This section will cover the properties of the layout of your map. Youwill learn where and how to place landforms, and what to do about balancingand toning your map. I will discuss each major landform in turn, and thenprovide you with a short list of hints on using those landforms to theirutmost potential. 

The concept of balance 

Anyone with a bit of knowledge of art should know about balance. Balanceis keeping your picture proportional to the opposite side, with no placebeing 'weightier' than another. Balance in maps is a thing of true delicacy:you have to have places where you draw absolutely nothing, and yet youneed places where the concentration of image is the greatest. Avoidingthese two things can be the downfall of an otherwise truly wonderful map. 

All maps need open, flat places and dark, clustered images. To avoidthe clumping of each I recommend long mountain chains and rivers and manysmall clusters of images as though they were netted together into one bigmesh. Try to spread that mesh so that the holes on it are of uniform sizeand shading. Presto-chango, you have balance. 


Overview is where the map is seen from: usually from high above. Whytake overview seriously? Because with overview comes distance, size, andshading. 

The distance part of it is fairly obvious. The higher up you seem tobe, the greater the distance it is between any two given points on thepaper. Keep this in mind when deciding how big your land is. If you wantto show 18,000 miles worth of land on one paper, you're going to have todraw very small. If you want to show one mile, however, your images shouldbe larger.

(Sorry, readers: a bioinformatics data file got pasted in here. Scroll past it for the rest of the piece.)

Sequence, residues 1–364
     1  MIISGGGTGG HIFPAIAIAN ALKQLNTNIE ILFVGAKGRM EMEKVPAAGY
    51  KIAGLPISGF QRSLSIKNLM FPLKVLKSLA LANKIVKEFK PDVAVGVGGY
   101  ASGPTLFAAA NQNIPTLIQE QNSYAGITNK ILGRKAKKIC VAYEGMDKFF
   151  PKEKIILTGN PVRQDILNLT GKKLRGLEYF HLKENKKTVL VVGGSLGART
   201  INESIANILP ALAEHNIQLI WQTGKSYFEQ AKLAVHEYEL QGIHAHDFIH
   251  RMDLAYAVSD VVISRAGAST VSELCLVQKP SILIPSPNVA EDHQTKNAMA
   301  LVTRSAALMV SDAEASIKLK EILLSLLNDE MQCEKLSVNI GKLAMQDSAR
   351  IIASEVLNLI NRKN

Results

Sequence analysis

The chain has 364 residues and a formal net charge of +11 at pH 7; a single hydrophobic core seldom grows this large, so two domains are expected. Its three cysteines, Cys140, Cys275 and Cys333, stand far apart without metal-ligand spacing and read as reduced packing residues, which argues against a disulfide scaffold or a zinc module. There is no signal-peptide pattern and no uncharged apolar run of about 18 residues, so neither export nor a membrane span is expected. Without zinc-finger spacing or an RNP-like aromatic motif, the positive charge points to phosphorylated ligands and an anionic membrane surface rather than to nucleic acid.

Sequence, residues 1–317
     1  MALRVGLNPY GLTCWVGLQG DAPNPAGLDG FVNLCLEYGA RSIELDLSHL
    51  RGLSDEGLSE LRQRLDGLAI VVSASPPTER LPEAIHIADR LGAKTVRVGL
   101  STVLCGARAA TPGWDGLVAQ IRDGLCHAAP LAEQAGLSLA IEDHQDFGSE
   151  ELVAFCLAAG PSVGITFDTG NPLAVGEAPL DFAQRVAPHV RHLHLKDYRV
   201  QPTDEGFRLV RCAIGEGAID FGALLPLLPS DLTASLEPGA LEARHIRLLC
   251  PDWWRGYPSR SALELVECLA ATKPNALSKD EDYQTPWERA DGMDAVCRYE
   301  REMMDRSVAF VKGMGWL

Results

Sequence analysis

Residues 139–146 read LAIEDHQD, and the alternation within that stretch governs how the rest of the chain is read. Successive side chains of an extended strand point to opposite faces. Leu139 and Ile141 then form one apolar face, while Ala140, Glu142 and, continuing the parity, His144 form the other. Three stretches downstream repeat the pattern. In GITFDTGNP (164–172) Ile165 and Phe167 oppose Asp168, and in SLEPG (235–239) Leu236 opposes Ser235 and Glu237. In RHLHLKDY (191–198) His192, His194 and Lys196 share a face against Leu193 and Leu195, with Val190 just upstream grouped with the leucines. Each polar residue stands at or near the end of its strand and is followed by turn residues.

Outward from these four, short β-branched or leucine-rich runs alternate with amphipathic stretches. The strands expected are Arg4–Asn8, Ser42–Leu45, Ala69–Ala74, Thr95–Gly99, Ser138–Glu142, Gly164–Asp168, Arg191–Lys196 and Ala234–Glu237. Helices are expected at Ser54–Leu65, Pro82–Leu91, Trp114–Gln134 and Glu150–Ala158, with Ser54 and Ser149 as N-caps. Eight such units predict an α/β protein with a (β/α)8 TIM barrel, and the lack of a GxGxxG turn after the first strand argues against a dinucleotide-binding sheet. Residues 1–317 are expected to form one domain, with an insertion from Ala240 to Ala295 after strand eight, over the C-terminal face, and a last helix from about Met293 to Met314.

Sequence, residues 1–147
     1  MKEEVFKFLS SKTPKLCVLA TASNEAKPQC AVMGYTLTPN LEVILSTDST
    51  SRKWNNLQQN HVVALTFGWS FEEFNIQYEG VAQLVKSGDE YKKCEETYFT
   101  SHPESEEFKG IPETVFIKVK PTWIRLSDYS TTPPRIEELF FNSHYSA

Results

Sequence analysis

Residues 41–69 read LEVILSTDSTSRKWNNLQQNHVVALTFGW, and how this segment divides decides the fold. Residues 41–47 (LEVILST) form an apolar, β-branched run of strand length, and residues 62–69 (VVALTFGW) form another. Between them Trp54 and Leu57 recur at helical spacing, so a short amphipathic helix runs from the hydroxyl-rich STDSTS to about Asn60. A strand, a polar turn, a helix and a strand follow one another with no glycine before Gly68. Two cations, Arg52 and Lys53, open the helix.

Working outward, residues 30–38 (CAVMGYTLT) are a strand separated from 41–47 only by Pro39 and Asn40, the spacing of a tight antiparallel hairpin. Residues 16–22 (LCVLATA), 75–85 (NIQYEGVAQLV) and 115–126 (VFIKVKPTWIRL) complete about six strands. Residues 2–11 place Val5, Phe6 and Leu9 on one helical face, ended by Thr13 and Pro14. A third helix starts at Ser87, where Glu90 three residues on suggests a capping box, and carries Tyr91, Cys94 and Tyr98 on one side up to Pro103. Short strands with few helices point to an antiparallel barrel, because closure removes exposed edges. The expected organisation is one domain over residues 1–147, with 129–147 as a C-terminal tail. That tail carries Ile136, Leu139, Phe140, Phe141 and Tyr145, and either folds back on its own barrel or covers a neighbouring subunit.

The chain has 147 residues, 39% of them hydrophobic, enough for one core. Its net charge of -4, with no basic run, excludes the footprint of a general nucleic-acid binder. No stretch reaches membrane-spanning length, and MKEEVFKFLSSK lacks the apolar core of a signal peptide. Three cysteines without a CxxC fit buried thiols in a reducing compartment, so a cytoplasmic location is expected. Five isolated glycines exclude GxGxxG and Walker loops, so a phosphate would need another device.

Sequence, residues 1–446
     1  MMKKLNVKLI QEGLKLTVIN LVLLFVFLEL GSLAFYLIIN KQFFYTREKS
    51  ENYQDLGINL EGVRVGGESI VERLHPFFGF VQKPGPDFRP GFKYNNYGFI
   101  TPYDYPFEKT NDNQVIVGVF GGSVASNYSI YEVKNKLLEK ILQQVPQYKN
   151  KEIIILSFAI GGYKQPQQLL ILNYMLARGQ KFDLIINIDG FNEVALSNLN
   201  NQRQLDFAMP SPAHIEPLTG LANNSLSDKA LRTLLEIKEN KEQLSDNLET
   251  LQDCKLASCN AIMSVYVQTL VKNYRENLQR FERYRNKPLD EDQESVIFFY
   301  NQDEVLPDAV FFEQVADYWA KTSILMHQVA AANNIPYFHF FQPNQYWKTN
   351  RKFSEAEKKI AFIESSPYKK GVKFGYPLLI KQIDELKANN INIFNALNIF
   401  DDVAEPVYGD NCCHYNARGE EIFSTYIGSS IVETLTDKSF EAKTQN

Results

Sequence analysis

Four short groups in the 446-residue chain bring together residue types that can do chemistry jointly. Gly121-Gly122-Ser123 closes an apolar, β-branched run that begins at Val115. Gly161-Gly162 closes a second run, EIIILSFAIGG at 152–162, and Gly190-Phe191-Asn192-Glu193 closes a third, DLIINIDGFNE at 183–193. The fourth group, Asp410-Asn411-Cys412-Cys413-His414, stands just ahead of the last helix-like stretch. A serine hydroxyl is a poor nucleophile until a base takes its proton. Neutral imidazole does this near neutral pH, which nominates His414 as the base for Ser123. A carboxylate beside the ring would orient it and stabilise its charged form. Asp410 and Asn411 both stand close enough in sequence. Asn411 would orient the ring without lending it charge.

Shading is a tough part of your map. You have to decide where the lightsource of the map is, and stick to it. You can't have mountains shadedon different sides right next to each other: it doesn't look good. 

Dead space 

Ah, dead space, the scourge of cartographers everywhere. What to dowith dead space? Usually you would want to leave it alone. Sometimes, though,you need something there to achieve balance. I reccommend a compass roseor a distance guage to fill in some of the larger spaces. Vary the typesof images you use to the need for balance; you do not want to upset thebalance in just the opposite way by filling in too much! 

The main types of land images 

There you have it. You now know how to make all of the necessary imagesthat form a map. If there is a special image that you did not find herethat you need, just make it up. Be sure that other people can tell whatit is, though. 

On to Place Names

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